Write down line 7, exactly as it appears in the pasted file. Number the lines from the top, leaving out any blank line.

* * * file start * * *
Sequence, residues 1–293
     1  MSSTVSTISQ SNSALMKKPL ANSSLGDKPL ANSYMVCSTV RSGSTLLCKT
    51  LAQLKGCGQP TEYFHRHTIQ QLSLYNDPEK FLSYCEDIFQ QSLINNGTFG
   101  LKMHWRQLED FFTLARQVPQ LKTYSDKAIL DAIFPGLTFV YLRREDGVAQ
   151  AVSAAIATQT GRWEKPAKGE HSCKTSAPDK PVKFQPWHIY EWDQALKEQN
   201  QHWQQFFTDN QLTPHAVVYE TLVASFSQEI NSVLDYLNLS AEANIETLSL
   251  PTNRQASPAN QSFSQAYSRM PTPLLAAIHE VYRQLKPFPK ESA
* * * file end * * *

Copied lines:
   251  PTNRQASPAN QSFSQAYSRM PTPLLAAIHE VYRQLKPFPK ESA